Police, criminals both love their Glocks

      An AK-47-style assault rifle imported from China and the Glock .40-caliber pistol — the latter a standard-issue weapon for New Orleans police — were among the weapons most frequently seized from young criminals by officers in the Big Easy during 1999, according to an annual report released in January by the Bureau of Alcohol, Tobacco and Firearms.
      The Youth Crime Gun Interdiction Initiative, which tracks weapons used in crimes, found that New Orleans almost matches the national picture when it comes to the illegal gun possession. Nearly 7 percent of gun-related crimes in the city were associated with juveniles, as compared with 9 percent in the 36 cities studied by the ATF. Some 40 percent of guns in New Orleans were taken from people age 24 and younger; the national average is 43 percent...

Future forensic scientists take a crack at Arlington’s cold cases

      As part of a collaborative arrangement between George Washington University and the Arlington County, Va., Police Department, students working towards a master’s degree in forensic science will get invaluable experience working on cold homicide cases while detectives will get not only a fresh set of eyes, but fresh, scientifically-trained eyes at that.
      The program, which began in September, uses the students to reexamine unresolved homicide cases. They follow a comprehensive methodology developed by the Naval Investigations Service, Chief Edward Flynn told Law Enforcement News, which focuses on the passage of time, especially changes in personal relationships and technological improvement as criteria to apply to previously unsolved murders...

NAACP tips its hat to police

      Trivia question: How many times in the 91-year history of the National Association for the Advancement of Colored People has the group formally honored a police agency for its professionalism, dedication and fairness?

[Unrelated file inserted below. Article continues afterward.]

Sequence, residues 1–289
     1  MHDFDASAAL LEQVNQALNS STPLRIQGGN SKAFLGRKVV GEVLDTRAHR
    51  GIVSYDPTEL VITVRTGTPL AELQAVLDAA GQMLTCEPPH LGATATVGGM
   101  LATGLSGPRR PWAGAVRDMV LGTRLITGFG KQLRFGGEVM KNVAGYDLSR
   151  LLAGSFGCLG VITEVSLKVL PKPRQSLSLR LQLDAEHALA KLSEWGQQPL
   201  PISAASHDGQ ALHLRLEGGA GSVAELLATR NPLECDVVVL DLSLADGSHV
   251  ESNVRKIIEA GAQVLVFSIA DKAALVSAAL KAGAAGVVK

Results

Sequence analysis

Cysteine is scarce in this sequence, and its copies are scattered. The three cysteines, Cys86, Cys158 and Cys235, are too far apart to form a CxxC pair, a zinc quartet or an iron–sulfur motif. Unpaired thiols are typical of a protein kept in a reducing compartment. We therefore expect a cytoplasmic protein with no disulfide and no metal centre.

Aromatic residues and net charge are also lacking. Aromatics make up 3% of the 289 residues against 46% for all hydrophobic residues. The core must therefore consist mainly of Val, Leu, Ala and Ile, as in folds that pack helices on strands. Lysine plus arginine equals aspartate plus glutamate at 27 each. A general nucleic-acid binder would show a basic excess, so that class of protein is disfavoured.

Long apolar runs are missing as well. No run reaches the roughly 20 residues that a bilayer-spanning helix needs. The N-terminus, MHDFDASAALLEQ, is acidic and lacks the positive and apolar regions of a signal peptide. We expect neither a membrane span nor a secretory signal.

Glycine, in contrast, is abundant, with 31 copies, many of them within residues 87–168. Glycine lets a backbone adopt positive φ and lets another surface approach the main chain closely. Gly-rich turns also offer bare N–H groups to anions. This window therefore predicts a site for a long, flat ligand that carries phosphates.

Answer: Just once, and it happened Jan. 22 when the New Hampshire State Police was saluted by the NAACP’s Greater Manchester chapter...

Boy, oh Boise: Landlords targeted in drug crackdown

      Easing the fears of landlords last month, Boise police and city officials said that a new ordinance that holds owners partly responsible for repeated drug activity on their property will be used only against a very few who are irresponsible and refuse to cooperate with drug enforcement efforts.
      According to Police Chief Don Pierce, Boise has a higher per-capita rate of methamphetamine lab busts than most other Western cities. The first order of business for police, he said, will be to aggressively train landlords and implement a process for notifying all owners that drug manufacturing, selling and buying has been confirmed on their property...

Exporting a crime problem:
From Mass. molester to Montana cannibal

      Montana authorities are incensed at their counterparts in Massachusetts, after it was revealed that under a deal struck by Bay State prosecutors in 1991, a convicted child molester now accused of cannibalizing a 10-year-old boy was given a suspended sentence in exchange for moving to Montana.
      Prosecutors in Cascade County have charged Nathaniel Bar-Jonah, 43, with kidnapping and murdering Zachary Ramsey in 1996, than feeding his remains in a variety of dishes, including stews and sauces, to friends and family in Great Falls...

To keep out illegal aliens, town wants only card-carrying voters

      Although it is not yet a widespread problem, village officials in Winnetka, Ill., are concerned that illegal aliens may try to find jobs on the local police force and have taken steps to make sure that only legal U.S. residents apply. Their sure-fire solution? Require that all applicants possess a voter registration card.
      “It’s gotten to the point where you need a degree in immigration law to determine whether someone is a citizen or not,” said Don Derning, a member of the Winnetka Board of Fire and Police Commissioners, who requested that members of the village council pass the ordinance. “This would make it easier to find out with less paperwork.”..

This is only a test:
Avoid real-life errors through simulations

      By providing what amounts to a dress rehearsal for the street with realistic driving and use-of-force simulators, officials with the Riverside County, Calif., Sheriff’s Department are hoping they can sharpen deputies’ split-second decision-making abilities.